• DDT causes liver cancer

    Jul 24, 2006
    High blood levels of the pesticide DDT increase the risk of developing liver cancer according to American researchers working with a population in China. Liver cancer is directly related to the level of DDT in the blood and individuals with the highest serum level of the pesticide DDT have a 400% increased risk of developing liver cancer. DDT breaks down into a metabolite known as DDE, and if the DDT level was high, even if low levels of DDE were detected the risk of developing liver cancer was even worse.
  • Grape Seed Polyphenols have heart protection activity

    Jul 21, 2006
    Isoproterenol is a drug that increases the pulse rate dramatically, triggers palpitations, sinus tachycardia, and more serious arrhythmias. It also causes cardiac ischemia. Grape Seed Extract proanthocyanidins was fed to rats at three different potencies 6 days a week for 5 weeks.
  • Perilla seed frutescens flavonoid significantly inhibits allergy and asthma associated immune cells

    Jul 20, 2006
    According to the American Lung Association nearly 20 million Americans suffer from asthma. Asthma is responsible for 14 million lost school days in children each year and the economic cost exceeds 16 billion dollars. Researchers from Kyushu University in Japan supplemented mice with Apigenin for two weeks and monitored levels of immunoglobulins such as IgG and IgE along with signs of inflammation for two weeks.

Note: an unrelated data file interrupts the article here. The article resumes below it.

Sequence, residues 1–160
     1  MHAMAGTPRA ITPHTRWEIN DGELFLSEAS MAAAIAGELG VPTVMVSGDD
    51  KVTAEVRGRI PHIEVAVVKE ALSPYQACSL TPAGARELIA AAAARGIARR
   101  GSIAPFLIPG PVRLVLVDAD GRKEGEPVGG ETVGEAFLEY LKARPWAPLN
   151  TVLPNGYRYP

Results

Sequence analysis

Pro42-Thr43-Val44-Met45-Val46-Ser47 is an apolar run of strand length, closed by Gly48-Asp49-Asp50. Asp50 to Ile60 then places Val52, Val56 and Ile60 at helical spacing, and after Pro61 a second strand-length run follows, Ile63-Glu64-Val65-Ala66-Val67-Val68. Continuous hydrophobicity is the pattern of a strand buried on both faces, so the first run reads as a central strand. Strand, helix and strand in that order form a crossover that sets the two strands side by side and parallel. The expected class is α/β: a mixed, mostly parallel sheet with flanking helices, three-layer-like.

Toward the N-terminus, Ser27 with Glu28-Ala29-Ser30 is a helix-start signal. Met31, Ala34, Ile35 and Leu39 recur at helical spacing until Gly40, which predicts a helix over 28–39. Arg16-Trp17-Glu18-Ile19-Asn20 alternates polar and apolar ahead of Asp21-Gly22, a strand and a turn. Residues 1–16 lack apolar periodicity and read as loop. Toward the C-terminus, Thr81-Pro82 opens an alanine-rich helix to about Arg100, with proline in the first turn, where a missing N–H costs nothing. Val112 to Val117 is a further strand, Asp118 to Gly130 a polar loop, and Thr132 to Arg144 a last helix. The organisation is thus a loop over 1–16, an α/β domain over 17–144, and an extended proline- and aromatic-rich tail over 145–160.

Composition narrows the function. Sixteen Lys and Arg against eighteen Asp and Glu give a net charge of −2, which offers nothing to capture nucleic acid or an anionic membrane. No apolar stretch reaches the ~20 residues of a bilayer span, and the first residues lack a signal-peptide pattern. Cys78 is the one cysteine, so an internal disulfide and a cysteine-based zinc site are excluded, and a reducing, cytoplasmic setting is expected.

• Rats were given a cancer causing chemical known as N-nitrosomethylbenzylamine (NMBA).

    Jul 19, 2006
    NMBA causes cancer of the esophagus. Scientists freeze dried blackberries, strawberries and black raspberries. Different rats were supplemented with one of these berry powders before, during, and after being exposed to NMBA.
  • Turmeric helps the liver clear cholesterol out of your blood

    Jul 18, 2006
    High levels of cholesterol in the blood often lead to accumulation in blood vessel walls thus contributing to hardening of the arteries and the development of hypertension and its accompanying conditions. Cholesterol is removed from blood vessel walls and transported to the liver via a process called reverse cholesterol transport. The liver X receptor controls crucial genes involved in reverse cholesterol transport and the disposal of cholesterol.